"It was a big gamble because we didn't really make that much money. But, the ITF saw we hadn't really signed for much and were making a point."

It was a big gamble because we didn't really make that much money. But, the ITF saw we hadn't really signed for much and were making a point.

Judy Dalton

Unfolding history was in the Original 9's favour. They were in a changing world with the women's rights movement and 1970s gender equity.

Global tobacco giant Phillip Morris had been looking for just the right fit to promote its new Virginia Slims cigarettes, marketed to women with a glamourous 1930s-style flapper girl as the logo. The Original 9 were the seemingly perfect fit - definitely not something you could get away with in sport today, Dalton said.

Viriginia Slims circuit, starting in Houston, Texas, was launched.

Original 9 ripple effects changed American college sports in the federal law Title IX, ensuring no person be discriminated against by gender for university scholarships.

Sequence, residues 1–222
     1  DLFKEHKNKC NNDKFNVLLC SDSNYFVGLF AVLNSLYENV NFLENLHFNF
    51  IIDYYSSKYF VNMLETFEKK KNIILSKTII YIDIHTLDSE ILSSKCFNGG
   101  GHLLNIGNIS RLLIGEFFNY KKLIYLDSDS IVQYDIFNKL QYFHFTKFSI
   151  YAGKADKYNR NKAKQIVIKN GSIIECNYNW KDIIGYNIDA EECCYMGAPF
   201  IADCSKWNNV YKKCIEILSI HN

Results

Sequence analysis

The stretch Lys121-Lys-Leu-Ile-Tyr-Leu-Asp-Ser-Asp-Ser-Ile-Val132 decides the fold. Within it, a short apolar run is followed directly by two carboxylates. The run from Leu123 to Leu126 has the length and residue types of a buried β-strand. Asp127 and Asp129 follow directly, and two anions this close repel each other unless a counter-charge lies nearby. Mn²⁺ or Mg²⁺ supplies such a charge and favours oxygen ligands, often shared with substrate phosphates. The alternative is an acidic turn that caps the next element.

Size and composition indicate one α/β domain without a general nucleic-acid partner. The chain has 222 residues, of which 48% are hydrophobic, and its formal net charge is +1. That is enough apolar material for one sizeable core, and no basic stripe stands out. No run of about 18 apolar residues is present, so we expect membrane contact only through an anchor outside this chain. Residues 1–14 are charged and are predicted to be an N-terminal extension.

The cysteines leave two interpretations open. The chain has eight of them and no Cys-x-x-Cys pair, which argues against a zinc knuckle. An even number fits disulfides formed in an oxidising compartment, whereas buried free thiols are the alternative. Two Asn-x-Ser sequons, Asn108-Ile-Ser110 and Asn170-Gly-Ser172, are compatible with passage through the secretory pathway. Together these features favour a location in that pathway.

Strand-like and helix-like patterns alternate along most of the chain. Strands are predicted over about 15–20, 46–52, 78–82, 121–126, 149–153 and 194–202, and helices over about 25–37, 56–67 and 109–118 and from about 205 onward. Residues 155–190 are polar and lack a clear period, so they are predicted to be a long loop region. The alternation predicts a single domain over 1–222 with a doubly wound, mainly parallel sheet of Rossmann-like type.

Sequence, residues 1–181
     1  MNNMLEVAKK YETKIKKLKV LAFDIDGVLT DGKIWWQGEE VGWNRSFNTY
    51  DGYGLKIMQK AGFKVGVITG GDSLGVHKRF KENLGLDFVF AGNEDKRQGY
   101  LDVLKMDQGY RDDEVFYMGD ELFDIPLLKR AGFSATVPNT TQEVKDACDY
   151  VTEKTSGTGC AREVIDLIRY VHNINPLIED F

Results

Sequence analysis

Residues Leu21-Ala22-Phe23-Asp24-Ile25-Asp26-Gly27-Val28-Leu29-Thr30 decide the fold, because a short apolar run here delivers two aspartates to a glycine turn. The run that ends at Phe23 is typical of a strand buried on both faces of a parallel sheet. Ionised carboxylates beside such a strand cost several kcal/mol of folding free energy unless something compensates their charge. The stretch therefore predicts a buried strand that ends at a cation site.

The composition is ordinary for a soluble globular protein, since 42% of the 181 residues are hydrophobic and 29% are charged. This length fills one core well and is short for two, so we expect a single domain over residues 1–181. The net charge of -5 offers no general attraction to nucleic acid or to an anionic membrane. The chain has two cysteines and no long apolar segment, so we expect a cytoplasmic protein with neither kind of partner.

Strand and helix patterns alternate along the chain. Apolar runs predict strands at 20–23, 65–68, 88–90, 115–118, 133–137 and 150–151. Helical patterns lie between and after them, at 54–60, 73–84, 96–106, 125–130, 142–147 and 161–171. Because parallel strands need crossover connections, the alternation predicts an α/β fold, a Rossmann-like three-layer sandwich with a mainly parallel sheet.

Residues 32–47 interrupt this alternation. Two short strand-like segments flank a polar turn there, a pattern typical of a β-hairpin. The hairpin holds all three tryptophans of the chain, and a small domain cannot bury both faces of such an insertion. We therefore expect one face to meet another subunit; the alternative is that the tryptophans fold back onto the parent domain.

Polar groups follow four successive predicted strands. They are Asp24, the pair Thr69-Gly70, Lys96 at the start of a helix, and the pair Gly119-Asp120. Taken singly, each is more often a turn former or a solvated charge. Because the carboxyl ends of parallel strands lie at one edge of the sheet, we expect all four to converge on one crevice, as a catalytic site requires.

In a Scottish golf club decades later, the bar manager approached Dalton to personally thank her. The female manager, from Czechoslovakia, had a whole new world opened up for her on a US soccer scholarship.

"We forced unis to be equal because of what we did. Stanford, Berkeley, Princeton, across all sports could import good players and the standard went up," Dalton said. "That girl was the first person I'd met who knew that."

Billie-Jean King came out to Australia last month for the women's cricket world cup final. King wanted to be in the 87,000-strong crowd at the MCG in a show of solidarity for gender equality in sport.

The big play in women's cricket reminds Dalton of their big play 50 years ago.

Dalton just hoped the rise in women's sport would not fall apart once the world comes out the other side of the coronavirus pandemic, which would undoubtedly change scar the sporting landscape worldwide.


This story How Judy's $1 professional contract changed women's tennis forever first appeared on The Courier.